Anxiety is a normal feeling and often helpful in dangerous situations. Anxiety can help us avoid danger, triggering our 'fight or flight' response. When we cross the road, it’s anxiety that makes us look both ways, when walking alone in the dark, it’s anxiety that makes us be cautious, and when having an exam, it’s anxiety that pushes us to study in order to pass. Anxiety only becomes problematic when someone feels anxious often and disproportionately to a threat, and it gets in the way of living life. In such cases, anxiety can turn into an anxiety disorder.
Anxiety disorders form a category of mental health diagnoses that lead to excessive nervousness, fear, apprehension, worry and physical changes such as increased blood pressure. Anxiety is the most common mental health condition in Australia with up to one-third of women and one-fifth of men experiencing it at some point in their lives. There are a number of different anxiety disorders, for example; Generalised Anxiety Disorder (GAD), Panic Disorder, Specific Phobia, Agoraphobia, Selective Mutism, Social Anxiety Disorder/ Social Phobia and Social Anxiety Disorder. The symptoms will often be quite similar, however with some differences in-regards to context.
What are some symptoms of an anxiety disorder?
Racing heart, faster breathing, shaking, sweating or feeling dizzy
Feeling sick in the stomach (or butterflies)
Feeling tense in the body or having headaches
Restlessness, and a feeling of being "on-edge"
Uncontrollable feelings of worry
Sleep difficulties, such as problems in falling or staying asleep
Withdrawing from social events
5 ways to manage anxiety symptoms:
Take some time to do things you enjoy, or even time out just for yourself. Managing anxiety begins with looking after yourself. A warm bath, a favourite TV show or book, writing in a journal or seeing a good friend. Also, eating healthy, sleeping well, and staying active can help with overall mental wellbeing which will help alleviate feelings of anxiety.
Limit intake of alcohol, caffeine or other stimulants:
Caffeine and alcohol are stimulants that impact the brain and nervous system. In small doses, they can make you feel good for the time being. In large doses or overusing them, can make you feel anxious and have difficulty sleeping. As caffeine increases the circulation of chemicals such as cortisol and adrenaline in the body, it can increase breathing, heart rate, mental alertness and physical energy - which are not a good mix for someone with anxiety.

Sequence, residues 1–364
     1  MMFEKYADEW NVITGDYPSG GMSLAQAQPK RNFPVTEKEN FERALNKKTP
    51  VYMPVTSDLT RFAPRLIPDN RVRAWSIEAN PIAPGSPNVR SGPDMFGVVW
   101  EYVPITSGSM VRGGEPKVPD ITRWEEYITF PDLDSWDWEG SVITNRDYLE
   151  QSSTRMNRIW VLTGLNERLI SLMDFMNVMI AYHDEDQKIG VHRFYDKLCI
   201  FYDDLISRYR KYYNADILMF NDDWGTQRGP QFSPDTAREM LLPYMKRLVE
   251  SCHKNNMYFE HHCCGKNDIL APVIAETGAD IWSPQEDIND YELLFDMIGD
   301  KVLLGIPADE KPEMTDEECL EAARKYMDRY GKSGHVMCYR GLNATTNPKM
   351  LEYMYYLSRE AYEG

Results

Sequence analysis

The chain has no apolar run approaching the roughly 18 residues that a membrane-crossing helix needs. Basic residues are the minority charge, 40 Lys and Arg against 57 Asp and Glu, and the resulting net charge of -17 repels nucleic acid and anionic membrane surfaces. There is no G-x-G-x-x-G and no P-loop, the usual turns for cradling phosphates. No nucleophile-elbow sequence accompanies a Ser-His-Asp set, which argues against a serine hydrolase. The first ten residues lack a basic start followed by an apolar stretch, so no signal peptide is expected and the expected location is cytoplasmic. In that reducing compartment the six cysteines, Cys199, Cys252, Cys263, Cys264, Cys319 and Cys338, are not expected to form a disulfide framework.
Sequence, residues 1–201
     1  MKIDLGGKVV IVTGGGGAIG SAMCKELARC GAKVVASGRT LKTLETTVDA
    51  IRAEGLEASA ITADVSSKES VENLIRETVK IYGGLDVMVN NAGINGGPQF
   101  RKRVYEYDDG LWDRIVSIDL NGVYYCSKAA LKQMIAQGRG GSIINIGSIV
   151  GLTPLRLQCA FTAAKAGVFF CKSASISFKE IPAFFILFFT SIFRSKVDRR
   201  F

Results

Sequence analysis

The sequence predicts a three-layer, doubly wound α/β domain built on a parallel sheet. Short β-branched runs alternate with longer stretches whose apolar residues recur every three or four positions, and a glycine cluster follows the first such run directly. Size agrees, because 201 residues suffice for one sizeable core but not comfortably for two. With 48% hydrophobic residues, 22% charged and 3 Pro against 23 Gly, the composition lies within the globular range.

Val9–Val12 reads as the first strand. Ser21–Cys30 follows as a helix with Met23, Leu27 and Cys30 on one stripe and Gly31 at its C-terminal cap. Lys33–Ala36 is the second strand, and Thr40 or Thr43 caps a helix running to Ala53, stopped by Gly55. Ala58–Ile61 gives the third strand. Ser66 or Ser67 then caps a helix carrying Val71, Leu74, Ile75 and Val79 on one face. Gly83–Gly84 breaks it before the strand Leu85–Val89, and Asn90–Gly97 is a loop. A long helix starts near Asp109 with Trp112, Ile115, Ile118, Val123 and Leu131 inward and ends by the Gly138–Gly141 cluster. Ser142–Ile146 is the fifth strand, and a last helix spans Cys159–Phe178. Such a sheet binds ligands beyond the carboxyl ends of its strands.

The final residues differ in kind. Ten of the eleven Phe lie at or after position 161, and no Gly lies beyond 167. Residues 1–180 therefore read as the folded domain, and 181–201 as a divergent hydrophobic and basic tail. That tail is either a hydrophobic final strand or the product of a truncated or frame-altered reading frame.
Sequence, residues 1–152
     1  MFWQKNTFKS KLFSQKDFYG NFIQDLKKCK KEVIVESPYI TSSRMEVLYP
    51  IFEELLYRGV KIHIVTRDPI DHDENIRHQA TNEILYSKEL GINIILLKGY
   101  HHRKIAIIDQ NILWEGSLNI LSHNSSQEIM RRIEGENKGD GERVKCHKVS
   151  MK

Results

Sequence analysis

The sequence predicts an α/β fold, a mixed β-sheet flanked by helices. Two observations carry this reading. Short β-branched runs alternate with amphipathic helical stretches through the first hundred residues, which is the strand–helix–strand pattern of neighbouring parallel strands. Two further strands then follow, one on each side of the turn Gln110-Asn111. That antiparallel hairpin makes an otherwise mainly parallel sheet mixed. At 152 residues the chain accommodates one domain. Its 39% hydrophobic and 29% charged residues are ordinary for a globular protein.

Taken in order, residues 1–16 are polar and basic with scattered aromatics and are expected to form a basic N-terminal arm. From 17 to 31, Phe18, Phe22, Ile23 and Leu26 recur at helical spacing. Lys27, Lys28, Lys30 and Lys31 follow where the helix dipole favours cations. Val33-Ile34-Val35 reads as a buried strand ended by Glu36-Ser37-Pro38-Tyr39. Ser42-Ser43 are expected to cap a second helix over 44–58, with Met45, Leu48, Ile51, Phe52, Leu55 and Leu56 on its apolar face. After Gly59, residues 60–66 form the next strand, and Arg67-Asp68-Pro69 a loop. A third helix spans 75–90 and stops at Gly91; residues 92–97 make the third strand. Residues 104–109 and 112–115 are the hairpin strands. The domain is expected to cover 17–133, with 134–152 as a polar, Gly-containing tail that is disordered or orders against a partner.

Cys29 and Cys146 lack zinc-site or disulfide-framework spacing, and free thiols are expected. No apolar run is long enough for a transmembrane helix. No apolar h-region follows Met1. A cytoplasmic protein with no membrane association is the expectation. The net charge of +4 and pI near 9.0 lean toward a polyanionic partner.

Take notice of your thinking patterns:
Thinking about what’s causing, influencing or worsening your anxiety can assist in understanding how to manage it. Triggers are important to recognise as they are the key to unlocking where this is coming from and you can begin to work on these.
Do not avoid situations:
Although avoiding situations (especially with social anxiety or agoraphobia) sounds like the logical thing to do in order to not cause anxious feelings, it’s hindering treating it. Avoidance becomes like a habit and harder to break each time it’s done. It is only a quick fix, but in the long run can make the anxiety worse. This is because you don’t allow yourself to learn that the thing you fear may not happen or be as bad as you think, so the monster (anxiety) keeps growing. Using certain techniques and self-talk, you can learn to face these situations.
Also, isolating yourself from friends and family can make anxiety worse, as support is very important.
Breathing techniques and mindfulness:
Anxiety symptoms involve a cycle of physical sensations (eg; increased heart rate, fast breathing, sweating, etc). Learning to control your breathing is a good way to try to cut that cycle, and reduce the breathing which will decrease heart rate and put the body back to a calmer state. There are many different types of breathing and mindfulness techniques - find ones that work best for you.
If you or a loved one are suffering from an anxiety disorder and would like some support, then give us a call to make an appointment with one of our team of Psychologists.